The worst thing for me is that my ISP used to include a lot of game traffic in their freezone which softened the quota issue, but now this is no longer the case. If the infrastructure isn’t going to improve, more effort should be made by ISPs to keep up with this bandwidth demand.

  • This. This is a great explanation of the reason I am back to being a PC gamer. I grew up on the Amiga, then PC. I succumbed to the allure of consoles with the PS2, then an Xbox 360. Many hours of fun were had on both. But in the last few years I have found that Steam has provided exponentially better value for money and have spent less and less time on the Xbox. The last time I spent more than $10 on a game was, hmm, I can’t remember. Oh, yes, Rust on Steam in early access.

    Steam is always running on my PC, so updates are transparent – done before I go to play the game. Someone mentioned frustration with steam always downloading updates for games they rarely/never play – but it’s simple to turn off updates for a game, or even better – uninstall it. Sure, I have over a TB of space left on my games drive, but if I am not playing it, it gets uninstalled (well, archived). Steam gets it right – price and platform. The next console I get will probably be a Steam Machine.

    My only issue is that my kids are growing up, getting to the age where they will probably need their own steam account – and I might have to rebuy those games we all enjoy. But then again, if we had multiple consoles, I would have to buy multiple copies anyway.

  • I’ve never found myself having an issue with update/install times. We may all be adults now (I’m 34 and been gaming my whole life), but not all of us have these issues. I get hours and hours of game time in every week, despite working full time and having a domestic partner.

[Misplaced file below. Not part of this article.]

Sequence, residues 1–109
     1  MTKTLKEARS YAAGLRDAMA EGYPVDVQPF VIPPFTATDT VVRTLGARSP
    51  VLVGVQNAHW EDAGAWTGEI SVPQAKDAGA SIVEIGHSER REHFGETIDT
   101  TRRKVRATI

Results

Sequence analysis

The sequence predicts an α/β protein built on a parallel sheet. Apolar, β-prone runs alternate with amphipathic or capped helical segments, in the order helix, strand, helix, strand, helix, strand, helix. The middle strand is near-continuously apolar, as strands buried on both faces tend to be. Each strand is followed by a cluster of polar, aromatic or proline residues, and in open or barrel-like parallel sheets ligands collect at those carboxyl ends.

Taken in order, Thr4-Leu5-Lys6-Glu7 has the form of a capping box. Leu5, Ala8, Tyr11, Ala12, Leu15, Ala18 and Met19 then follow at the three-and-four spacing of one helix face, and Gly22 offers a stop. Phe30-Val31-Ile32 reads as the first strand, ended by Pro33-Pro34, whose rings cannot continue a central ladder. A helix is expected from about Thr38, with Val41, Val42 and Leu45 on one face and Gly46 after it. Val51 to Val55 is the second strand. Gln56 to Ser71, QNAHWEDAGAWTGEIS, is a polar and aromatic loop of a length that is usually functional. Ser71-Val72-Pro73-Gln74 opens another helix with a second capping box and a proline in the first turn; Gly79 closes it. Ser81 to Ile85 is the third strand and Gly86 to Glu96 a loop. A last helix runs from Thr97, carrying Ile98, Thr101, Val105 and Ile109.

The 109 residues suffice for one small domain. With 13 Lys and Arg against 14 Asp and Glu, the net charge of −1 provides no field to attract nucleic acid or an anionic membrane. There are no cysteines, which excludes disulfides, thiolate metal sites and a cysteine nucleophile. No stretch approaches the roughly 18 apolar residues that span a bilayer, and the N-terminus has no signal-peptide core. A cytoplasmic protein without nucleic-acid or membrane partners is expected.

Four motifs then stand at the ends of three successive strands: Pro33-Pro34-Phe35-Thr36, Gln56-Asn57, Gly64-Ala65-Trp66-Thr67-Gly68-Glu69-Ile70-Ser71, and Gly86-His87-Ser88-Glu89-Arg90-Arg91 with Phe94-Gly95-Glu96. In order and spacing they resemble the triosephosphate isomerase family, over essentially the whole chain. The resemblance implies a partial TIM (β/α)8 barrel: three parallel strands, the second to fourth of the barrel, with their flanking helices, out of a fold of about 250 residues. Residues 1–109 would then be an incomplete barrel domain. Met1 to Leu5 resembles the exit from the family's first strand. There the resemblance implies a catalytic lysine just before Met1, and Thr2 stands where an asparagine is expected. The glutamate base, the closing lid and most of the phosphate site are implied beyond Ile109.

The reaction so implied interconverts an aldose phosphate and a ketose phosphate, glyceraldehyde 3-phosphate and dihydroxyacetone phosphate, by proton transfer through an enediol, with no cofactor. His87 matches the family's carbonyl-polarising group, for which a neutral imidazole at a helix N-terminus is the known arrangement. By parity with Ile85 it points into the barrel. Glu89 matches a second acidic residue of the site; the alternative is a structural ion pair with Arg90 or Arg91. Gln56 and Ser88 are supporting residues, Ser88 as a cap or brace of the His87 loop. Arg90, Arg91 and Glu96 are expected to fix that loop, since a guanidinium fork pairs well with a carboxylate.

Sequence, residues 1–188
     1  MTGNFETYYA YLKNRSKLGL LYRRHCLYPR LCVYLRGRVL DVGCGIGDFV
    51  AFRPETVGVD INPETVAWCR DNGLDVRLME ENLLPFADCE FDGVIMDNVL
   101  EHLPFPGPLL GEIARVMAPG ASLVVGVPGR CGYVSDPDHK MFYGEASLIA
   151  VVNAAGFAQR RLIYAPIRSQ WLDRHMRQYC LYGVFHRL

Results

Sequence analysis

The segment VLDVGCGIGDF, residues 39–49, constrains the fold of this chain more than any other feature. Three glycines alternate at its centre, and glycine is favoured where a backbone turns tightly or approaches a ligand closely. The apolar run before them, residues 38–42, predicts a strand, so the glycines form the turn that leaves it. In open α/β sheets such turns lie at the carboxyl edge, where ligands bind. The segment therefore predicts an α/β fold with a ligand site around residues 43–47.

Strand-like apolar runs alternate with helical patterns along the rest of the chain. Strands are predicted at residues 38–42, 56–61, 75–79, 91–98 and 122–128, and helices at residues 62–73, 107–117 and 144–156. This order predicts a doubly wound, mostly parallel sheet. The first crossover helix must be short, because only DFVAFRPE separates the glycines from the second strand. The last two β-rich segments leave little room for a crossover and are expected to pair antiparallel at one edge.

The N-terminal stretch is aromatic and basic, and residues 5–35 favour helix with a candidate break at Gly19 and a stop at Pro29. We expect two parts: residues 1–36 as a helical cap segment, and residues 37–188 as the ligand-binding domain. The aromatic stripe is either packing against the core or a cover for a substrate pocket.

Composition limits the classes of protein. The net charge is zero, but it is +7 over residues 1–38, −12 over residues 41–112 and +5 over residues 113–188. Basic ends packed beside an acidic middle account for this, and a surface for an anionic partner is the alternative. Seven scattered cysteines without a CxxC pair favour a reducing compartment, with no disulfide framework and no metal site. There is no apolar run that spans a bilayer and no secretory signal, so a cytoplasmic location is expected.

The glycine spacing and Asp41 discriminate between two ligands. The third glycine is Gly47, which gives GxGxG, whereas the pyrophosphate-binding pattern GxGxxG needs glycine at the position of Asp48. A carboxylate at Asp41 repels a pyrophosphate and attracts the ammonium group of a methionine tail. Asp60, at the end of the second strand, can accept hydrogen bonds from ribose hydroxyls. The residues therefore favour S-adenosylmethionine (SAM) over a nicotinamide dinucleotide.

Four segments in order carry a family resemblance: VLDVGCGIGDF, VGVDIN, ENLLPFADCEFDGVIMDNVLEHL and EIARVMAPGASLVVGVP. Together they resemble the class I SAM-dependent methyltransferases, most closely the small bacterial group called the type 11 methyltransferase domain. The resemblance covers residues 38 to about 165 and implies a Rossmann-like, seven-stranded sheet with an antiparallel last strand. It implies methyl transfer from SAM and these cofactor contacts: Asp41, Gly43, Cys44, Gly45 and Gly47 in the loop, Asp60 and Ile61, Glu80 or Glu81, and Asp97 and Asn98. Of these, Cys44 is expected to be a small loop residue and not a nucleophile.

I guess I’m just one of the lucky ones?

  • Although slightly off topic, the combination of not having internet because of the nbn upgrade and living in a town house (takes forever for them to figure out how they should hook it up in “MDU’s” 13 months and counting since the area went live)

    I spent Monday night at my Parents house after buying a hard copy of far cry 4 and the second disc was marked forcing me to download 10gb of missing files, then I had to download a 3gb patch and by the time I got home I ended up going to bed. Tonight though, tonight!

  • What happened to all the hype around playing a game while it’s downloading, is this possible on anything yet???? Why can’t I play the game as it was and load the update in the background, applied on reboot?
    I try to update the PS4 and the games as often I can but with a 3 1/2 year old in the house if I start the console he gets excited and want to play and bedtime gets delayed wife gets upset and everyone goes to bed angry…… the rest is for my therapist.